Improving Dance Through Total Vision Awareness: A Workshop

By Ernest V. Loewenstein, Ph.D., O.D. Optometrist

Dance is a visual medium – for the dancer, as well as for the observer. Movement requires visual awareness. Consider these essential questions:

  • Where are you onstage?
  • Are you in the right spot in relation to other action?
  • Is your distance from others correct?
  • Do you know where other dancers and objects are located, even when you aren't looking right at them?
  • Can you look at the conductor without getting lost?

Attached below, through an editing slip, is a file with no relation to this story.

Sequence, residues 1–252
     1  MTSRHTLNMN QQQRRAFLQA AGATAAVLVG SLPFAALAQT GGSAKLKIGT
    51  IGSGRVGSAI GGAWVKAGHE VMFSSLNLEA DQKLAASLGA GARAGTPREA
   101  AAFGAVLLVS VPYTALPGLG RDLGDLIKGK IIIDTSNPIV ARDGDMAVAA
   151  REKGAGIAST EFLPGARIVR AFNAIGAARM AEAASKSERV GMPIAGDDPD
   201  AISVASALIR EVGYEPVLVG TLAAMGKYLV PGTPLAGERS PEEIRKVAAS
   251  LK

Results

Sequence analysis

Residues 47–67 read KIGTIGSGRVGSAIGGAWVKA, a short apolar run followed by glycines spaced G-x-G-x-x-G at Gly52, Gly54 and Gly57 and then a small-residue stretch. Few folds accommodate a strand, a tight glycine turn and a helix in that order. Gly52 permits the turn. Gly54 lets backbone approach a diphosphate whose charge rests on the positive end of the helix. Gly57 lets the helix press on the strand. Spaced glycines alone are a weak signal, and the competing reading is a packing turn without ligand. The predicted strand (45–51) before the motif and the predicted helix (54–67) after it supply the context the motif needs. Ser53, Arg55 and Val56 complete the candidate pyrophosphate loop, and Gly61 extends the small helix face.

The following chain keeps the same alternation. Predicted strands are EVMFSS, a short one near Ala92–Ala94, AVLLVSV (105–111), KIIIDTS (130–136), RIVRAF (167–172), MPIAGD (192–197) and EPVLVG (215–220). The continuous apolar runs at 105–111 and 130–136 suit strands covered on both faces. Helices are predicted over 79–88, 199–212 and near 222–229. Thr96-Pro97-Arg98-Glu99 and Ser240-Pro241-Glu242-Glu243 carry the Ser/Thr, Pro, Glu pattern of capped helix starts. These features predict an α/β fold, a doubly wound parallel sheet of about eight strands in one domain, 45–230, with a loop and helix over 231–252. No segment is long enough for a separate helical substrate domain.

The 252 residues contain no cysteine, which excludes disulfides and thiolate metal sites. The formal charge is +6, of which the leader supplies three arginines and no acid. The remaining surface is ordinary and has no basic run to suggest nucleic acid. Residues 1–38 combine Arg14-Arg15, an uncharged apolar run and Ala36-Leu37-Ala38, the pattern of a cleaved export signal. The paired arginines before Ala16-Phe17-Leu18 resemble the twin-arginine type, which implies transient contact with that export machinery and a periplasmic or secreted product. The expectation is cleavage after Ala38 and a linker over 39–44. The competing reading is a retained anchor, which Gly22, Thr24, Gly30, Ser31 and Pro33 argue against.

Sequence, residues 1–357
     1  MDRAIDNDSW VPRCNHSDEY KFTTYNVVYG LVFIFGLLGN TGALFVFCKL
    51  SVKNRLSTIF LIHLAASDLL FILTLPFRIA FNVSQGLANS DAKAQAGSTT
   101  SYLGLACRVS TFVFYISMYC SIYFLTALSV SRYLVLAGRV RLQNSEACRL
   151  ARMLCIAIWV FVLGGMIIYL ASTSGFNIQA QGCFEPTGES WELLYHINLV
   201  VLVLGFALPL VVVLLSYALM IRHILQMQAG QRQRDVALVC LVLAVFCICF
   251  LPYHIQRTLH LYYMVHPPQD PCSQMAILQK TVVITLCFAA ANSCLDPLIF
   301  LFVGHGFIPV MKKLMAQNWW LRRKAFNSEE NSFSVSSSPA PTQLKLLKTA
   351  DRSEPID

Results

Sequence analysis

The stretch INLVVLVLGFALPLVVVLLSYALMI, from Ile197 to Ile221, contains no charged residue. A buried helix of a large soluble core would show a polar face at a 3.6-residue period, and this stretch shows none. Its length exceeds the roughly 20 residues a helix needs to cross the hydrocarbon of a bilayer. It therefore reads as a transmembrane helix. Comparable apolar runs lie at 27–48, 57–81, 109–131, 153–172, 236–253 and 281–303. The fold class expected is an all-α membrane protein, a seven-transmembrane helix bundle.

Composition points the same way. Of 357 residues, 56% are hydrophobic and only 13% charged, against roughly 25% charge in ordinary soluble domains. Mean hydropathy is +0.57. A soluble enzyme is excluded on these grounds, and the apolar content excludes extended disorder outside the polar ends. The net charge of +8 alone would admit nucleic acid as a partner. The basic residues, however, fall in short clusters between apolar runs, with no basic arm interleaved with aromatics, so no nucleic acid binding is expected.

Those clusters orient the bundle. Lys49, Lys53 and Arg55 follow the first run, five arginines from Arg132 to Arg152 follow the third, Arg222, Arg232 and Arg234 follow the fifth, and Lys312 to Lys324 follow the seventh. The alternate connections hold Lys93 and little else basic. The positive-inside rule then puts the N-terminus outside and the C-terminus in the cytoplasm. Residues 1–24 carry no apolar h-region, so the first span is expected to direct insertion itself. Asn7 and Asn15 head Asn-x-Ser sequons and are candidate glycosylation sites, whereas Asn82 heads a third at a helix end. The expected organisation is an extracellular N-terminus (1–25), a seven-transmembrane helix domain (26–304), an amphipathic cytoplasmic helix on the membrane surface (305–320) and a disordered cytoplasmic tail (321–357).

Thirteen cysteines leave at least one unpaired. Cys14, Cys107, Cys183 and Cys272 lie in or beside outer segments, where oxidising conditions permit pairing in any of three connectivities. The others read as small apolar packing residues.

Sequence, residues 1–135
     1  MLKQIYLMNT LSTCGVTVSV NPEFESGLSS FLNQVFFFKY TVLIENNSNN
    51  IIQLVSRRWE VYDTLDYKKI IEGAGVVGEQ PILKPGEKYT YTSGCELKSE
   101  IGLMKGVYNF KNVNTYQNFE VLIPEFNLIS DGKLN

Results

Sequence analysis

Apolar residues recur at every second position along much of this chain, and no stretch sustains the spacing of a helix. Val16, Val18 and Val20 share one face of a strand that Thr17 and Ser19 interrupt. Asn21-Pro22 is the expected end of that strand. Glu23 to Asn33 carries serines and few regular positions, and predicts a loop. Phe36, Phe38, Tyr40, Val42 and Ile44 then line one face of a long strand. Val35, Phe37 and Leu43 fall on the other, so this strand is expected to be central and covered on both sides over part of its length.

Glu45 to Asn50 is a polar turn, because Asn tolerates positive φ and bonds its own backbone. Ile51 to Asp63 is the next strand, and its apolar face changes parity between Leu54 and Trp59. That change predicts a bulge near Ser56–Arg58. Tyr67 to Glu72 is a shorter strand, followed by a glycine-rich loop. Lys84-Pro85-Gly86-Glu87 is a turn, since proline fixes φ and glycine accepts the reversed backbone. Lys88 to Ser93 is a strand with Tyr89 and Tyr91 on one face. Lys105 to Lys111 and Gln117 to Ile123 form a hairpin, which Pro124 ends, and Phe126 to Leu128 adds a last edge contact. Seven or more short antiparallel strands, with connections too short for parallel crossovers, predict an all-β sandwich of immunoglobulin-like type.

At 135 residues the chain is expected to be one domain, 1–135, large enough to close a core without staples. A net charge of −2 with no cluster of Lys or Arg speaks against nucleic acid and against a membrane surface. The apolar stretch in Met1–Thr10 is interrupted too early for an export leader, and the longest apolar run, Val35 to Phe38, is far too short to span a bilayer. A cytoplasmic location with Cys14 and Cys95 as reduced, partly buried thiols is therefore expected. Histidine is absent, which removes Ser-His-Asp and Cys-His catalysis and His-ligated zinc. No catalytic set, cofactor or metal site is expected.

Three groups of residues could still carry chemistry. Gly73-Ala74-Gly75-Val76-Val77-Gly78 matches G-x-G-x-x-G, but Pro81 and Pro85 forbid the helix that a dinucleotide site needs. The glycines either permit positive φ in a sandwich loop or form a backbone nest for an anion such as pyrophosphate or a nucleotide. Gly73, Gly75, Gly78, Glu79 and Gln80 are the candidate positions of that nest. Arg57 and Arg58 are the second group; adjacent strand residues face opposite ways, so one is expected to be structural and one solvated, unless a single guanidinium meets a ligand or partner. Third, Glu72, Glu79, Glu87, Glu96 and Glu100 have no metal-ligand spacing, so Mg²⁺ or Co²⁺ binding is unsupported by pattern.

Total visual awareness means more than just seeing a single object. It means seeing a whole scene – what’s close by and what’s farther away – and understanding the relationships of the individual objects or performers on stage to each other. This is the capacity that enables a dancer or actor to move with assurance and precision on the stage while playing his or her role.

Most people have adequate peripheral vision, but not awareness. Performers, however, must learn to focus on a central object or place while accurately placing peripheral objects or performers around it. There are exercises to help performers develop their peripheral visual awareness – and learn to see both the whole stage and the individual parts in or on it.

A one-hour workshop is available to explore the aspects of vision that can help faculty, students and professionals improve their performances on stage.